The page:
Vegan Jake: That’s not his true name, but the name I used for the villain in Pilgrim Strong. Jake was a midwestern, number-crunching, vegan, atheist, extreme liberal of Polish decent, who believed it a sin to use things like washing machines, or lawn mowers, or even drink a Coke. As we spent time together on the Way of St. James, it seemed he expressed his disdain for my ways at nearly every turn. One day I surprised him. “You can act as though I disgust you, but deep down inside you like me,” I offered. “You’re likable enough, High Roller,” he countered. He was a two-week lesson in conflict.
Jeannick Guerin: Another pilgrim with whom I spent considerable time on the Way. As we stopped one morning for second breakfast and Jeannick explained his reason for walking, it was clear that a terminal illness had brought him from Australia to his homeland in France so that he might say “goodbye.” I never asked another question about it. Some things are more important than the story.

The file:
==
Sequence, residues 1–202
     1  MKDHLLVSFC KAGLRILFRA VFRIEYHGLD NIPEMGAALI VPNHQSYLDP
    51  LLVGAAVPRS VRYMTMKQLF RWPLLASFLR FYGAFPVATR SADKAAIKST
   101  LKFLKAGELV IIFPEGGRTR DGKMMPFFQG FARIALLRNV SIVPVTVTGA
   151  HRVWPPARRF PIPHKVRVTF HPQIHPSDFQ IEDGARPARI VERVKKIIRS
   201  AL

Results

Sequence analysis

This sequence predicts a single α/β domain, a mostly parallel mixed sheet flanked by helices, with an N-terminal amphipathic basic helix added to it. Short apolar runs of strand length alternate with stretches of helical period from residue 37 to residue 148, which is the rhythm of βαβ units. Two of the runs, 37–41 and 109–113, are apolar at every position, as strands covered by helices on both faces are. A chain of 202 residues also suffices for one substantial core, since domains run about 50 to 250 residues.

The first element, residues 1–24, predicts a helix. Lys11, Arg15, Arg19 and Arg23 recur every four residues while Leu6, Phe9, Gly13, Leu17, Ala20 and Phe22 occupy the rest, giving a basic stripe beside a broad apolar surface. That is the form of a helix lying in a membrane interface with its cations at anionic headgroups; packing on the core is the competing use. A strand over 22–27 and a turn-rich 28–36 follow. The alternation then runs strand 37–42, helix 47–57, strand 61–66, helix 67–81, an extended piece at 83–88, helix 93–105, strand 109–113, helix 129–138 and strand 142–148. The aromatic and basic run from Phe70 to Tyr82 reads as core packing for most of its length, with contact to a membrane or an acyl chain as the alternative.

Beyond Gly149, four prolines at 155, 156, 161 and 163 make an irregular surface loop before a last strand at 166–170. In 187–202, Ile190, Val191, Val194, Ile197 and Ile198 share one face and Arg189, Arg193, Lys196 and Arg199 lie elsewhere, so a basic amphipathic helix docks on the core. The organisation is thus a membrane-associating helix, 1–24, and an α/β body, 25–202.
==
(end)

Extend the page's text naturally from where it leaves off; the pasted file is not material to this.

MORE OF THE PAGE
Bradley Harris: My first editor. Upon our agreement to work together back in 2013, Brad was pretty straightforward about his toughness. He asked me to picture a dial 1-10 and give him a number representing just how much I could stand without having a meltdown. I think I offered a nine. Brad taught me so much. Mostly that every story that gets told can no longer be about me. It’s all about the person reading the words.
I’ve never met Blue Like Jazz author Donald Miller, but his work has guided me for years. His recent book, Building a Story Brand outlines a simple, three-pronged idea for how stories can best hold readers’ attention. The writer first addresses a problem, then a solution, then explains how life is better because of that solution. Simple really. It’s a theme in many stories I write.
(Coming Wednesday: The Honesty Box)
“I am not bound to win, but I am bound to be true. I am not bound to succeed, but I am bound to live by the light that I have. I must stand with anybody who stands right, and stand with him while he is right, and part with him when he goes wrong.” ~Abraham Lincoln
We called him the most trusted man in America. It seems so very long ago.
But each evening for two decades an expectant public kept a collective appointment with Walter Cronkite as he delivered the nightly news to a nation desperately searching its own identity in an era that shaped us, arguably as no other.